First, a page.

Traffic violations in Pennsylvania can range from moving violations with minimal penalties to misdemeanors and felonies that can incur fines and imprisonment. Common criminal traffic offenses prosecuted in Chester County, Delaware County and surrounding counties in Pennsylvania include:
If you have been charged with a traffic violation in Chester County, or the surrounding areas in Pennsylvania, including Delaware County or Lancaster County, then contact an experienced attorney at the Skinner Law Firm. Michael J. Skinner will help you find out what you need to do today to protect yourself against a criminal prosecution and to protect your driving privileges. Contact (610) 436-1410 for a consultation today.
Some of the most common traffic violations in Pennsylvania that can result in fines or even imprisonment include, but are not limited to:
Driving with a suspended or revoked license is considered a summary offense with a fine of $200 and an additional one-year or two-year license suspension. However, if the suspension is based on a DUI conviction, admission to ARD program or refusal to submit to chemical testing, it is a summary offense with a $500-$1000 fine and a mandatory 60 to 90 days in jail. (Pennsylvania Consolidated Statutes 75 § 1543).
Overtaking a school bus occurs when a driver fails to stop at least ten feet before a stopped school bus when the red signal lights are flashing. A conviction of this offense includes a $250 fine and 30-day license suspension. (Pennsylvania Consolidated Statutes 75 § 3345)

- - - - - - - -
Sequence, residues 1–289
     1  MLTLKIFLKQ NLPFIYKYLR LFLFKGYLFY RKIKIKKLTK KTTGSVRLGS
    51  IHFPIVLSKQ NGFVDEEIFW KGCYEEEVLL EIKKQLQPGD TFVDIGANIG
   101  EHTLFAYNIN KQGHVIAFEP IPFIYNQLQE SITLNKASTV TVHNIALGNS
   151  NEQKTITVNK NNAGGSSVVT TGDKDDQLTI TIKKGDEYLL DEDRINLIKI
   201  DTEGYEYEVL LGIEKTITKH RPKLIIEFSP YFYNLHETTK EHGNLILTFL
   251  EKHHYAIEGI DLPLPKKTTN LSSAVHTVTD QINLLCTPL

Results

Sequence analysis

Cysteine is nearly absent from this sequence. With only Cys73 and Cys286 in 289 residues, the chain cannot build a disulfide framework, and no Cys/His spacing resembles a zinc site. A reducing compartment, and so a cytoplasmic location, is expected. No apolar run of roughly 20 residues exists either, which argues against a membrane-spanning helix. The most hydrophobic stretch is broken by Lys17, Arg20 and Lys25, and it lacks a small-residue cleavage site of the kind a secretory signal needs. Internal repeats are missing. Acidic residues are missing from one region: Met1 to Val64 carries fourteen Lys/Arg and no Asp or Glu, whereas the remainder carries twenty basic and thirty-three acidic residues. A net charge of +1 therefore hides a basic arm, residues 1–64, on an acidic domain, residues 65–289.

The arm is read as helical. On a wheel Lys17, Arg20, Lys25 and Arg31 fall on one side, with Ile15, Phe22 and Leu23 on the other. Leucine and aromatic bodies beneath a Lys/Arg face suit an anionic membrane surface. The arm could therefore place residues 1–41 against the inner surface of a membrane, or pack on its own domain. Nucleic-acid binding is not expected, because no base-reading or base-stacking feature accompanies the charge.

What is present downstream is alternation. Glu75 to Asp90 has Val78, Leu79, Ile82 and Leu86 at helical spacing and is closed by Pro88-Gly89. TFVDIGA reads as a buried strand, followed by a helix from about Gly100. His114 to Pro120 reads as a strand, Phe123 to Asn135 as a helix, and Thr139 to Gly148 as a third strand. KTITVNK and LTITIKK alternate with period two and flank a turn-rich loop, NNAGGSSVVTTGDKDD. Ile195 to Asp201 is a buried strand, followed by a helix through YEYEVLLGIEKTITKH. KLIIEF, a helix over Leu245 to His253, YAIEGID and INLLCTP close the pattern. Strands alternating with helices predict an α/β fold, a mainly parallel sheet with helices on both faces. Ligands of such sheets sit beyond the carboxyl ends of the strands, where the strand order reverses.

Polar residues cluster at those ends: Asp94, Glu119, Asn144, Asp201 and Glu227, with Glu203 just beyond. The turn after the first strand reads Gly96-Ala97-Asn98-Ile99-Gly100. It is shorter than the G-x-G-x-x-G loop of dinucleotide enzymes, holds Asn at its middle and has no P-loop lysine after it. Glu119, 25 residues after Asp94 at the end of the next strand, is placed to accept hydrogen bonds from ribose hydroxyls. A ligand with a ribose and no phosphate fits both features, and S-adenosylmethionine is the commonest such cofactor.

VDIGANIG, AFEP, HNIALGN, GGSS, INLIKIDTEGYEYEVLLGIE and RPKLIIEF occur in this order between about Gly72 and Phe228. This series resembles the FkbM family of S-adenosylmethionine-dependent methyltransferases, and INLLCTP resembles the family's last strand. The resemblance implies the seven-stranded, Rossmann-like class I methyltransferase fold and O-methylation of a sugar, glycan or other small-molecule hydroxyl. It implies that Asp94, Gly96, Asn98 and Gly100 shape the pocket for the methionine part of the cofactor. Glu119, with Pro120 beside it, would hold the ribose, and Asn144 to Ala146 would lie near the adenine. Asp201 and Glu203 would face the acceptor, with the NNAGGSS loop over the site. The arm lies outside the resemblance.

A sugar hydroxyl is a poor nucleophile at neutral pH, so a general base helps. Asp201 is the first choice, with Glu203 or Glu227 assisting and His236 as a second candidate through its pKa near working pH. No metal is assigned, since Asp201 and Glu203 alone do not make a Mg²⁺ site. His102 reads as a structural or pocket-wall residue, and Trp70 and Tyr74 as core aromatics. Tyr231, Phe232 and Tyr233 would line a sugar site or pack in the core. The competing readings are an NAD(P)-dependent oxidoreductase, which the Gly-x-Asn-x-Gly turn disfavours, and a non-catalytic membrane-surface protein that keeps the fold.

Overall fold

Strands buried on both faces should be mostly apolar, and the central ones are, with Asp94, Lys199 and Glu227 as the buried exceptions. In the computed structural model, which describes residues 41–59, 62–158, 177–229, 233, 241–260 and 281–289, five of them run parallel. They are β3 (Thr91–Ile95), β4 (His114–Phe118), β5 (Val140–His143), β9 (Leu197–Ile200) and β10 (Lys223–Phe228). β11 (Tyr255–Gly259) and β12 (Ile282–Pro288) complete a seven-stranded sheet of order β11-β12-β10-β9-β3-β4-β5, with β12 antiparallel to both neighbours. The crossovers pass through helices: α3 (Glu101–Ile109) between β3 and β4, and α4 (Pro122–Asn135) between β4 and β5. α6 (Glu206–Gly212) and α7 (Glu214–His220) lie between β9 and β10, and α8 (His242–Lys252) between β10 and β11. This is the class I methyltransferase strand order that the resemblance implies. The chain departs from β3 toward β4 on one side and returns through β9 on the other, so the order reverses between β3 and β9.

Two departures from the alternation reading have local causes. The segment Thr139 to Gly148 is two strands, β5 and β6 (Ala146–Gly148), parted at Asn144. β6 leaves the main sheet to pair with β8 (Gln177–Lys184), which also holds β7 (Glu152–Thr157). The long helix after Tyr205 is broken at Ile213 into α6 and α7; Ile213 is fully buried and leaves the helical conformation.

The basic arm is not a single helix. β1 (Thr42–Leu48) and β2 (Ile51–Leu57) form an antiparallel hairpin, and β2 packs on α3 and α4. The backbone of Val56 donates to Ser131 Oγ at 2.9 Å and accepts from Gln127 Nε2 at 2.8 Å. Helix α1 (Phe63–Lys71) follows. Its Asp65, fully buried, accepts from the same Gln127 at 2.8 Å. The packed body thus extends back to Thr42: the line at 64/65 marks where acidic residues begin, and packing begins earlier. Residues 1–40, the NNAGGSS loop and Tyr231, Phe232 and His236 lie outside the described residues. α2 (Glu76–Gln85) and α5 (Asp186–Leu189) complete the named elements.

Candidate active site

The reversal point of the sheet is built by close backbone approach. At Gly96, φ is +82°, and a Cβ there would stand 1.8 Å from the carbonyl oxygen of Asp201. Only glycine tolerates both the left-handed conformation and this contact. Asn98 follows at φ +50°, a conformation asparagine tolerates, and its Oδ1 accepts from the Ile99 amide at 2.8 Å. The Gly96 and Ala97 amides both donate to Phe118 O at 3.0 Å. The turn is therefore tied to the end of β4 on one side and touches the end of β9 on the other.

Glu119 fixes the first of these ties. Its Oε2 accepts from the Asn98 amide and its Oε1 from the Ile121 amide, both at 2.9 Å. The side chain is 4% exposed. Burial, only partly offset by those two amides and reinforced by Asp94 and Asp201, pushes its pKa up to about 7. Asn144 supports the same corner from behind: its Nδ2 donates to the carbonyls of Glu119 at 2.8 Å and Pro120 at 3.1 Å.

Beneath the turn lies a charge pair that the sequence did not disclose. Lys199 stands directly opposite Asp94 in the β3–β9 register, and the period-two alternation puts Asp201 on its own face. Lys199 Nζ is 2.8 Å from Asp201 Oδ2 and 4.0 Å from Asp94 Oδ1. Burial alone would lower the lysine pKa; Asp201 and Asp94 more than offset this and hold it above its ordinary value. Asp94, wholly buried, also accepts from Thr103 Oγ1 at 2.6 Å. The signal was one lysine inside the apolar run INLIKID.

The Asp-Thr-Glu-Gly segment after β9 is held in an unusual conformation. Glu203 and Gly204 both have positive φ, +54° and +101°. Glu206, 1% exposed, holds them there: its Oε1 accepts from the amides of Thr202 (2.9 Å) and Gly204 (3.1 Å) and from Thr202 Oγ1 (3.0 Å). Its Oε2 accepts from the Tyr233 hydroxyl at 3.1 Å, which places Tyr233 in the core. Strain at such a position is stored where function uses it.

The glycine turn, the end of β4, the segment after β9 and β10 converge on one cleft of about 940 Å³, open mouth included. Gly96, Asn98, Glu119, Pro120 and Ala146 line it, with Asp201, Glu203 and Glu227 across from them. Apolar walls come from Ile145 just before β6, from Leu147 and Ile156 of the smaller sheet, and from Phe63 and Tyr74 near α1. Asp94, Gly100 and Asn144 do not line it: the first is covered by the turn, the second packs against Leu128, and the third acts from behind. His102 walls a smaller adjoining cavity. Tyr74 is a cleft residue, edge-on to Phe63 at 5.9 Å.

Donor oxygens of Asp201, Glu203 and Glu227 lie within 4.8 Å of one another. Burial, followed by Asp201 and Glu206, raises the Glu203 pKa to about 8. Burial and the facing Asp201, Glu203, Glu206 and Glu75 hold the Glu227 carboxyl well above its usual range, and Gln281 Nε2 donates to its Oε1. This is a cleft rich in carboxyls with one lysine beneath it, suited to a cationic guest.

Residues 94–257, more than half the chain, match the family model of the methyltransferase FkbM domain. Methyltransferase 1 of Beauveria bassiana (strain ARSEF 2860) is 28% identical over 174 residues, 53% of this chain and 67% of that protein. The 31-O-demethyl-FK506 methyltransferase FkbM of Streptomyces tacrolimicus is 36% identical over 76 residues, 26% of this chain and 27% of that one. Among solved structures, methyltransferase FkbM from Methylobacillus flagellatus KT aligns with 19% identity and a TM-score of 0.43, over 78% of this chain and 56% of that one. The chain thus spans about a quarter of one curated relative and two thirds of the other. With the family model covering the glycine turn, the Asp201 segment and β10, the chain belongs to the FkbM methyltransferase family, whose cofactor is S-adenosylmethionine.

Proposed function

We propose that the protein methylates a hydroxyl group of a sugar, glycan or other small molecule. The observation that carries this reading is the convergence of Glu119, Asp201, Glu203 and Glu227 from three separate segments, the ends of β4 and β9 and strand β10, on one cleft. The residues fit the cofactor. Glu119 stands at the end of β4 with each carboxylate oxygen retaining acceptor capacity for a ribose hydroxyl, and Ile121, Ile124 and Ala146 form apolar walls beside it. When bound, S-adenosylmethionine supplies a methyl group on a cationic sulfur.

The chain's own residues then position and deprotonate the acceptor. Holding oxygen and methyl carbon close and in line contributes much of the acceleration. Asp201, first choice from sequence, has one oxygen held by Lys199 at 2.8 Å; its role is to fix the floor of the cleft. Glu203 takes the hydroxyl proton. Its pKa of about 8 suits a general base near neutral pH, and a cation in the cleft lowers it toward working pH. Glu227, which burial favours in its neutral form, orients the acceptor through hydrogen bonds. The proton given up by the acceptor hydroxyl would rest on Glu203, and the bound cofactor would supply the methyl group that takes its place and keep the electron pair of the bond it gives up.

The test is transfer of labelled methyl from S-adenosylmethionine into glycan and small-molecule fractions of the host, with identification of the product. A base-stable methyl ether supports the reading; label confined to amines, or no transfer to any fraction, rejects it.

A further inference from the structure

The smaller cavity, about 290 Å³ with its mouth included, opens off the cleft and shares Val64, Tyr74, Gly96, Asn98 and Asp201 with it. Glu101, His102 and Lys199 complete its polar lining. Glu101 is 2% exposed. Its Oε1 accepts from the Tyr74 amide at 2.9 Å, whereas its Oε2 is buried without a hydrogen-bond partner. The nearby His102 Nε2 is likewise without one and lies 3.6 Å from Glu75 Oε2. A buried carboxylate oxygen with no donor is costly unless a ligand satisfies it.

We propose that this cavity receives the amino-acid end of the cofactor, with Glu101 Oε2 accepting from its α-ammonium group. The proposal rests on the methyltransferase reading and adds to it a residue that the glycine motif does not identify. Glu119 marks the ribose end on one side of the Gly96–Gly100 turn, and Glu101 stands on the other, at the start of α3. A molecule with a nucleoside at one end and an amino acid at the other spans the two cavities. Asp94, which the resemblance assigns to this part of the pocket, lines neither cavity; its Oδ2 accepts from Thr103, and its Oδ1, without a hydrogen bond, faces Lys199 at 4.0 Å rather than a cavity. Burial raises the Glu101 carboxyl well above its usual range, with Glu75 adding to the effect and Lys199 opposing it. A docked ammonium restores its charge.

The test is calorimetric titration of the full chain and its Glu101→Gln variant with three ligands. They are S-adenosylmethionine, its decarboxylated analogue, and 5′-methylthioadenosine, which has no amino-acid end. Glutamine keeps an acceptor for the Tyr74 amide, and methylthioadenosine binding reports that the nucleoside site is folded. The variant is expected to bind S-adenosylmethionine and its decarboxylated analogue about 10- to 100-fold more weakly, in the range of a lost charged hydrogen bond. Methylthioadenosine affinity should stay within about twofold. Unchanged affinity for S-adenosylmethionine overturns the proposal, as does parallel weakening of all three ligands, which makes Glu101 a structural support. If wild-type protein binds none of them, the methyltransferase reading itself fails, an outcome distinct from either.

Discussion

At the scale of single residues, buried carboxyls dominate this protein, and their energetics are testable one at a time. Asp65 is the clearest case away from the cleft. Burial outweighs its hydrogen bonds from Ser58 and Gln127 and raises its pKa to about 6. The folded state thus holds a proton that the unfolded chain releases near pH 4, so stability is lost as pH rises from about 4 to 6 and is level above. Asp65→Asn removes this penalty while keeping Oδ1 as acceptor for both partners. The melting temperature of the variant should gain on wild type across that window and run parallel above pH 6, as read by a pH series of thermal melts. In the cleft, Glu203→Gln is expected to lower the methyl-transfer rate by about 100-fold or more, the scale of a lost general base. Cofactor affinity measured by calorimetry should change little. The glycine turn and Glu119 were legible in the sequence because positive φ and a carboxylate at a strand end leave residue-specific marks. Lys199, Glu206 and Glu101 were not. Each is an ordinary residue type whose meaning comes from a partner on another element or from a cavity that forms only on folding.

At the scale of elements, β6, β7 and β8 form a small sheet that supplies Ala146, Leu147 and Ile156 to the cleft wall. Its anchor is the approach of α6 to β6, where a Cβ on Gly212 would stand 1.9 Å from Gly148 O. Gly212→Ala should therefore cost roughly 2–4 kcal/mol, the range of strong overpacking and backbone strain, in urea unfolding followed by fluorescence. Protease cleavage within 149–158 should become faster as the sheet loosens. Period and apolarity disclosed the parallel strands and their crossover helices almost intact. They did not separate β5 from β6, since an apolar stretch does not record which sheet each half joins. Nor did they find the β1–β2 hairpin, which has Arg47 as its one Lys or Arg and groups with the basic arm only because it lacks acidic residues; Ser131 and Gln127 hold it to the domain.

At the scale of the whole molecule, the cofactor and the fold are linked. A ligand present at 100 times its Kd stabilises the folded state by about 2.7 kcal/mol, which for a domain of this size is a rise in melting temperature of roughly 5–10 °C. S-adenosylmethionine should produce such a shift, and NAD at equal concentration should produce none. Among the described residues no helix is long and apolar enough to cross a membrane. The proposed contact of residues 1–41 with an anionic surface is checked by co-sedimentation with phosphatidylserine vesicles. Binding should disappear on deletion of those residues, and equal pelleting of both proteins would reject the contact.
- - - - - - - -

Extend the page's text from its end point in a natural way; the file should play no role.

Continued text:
Reckless Driving occurs when a person drives their vehicle in willful disregard for the safety of other people or property. A conviction for this charge is a summary offense with a fine of $200 and a 6-month license suspension. (Pennsylvania Consolidated Statutes 75 § 3736)
A person can be charged with vehicular homicide when he or she causes the death of another person while recklessly driving or driving with gross negligence. This offense is a felony of the third degree and can incur up to 5 years imprisonment. (Pennsylvania Consolidated Statutes 75 § 3732)
Fleeing or attempting to elude officers occurs when a driver willfully fails to stop or refuses to stop their vehicle when an officer orders them to stop. This offense is a misdemeanor of the second degree. A conviction can lead to a fine of $500 and a one-year license suspension. (Pennsylvania Consolidated Statutes 75 § 3733).
Pennsylvania has created a point system that assigns a number of points to drivers in the state for every conviction of a traffic offense. The number of points assigned depends on the seriousness of the offense. The Pennsylvania Department of Transportation (PennDOT) keeps a record of the points accrued by each driver in the state. If someone accrues six or more points, PennDOT will punish them through a mandatory exam and driver’s license suspension.
Traffic offenses in Pennsylvania are assigned the following points: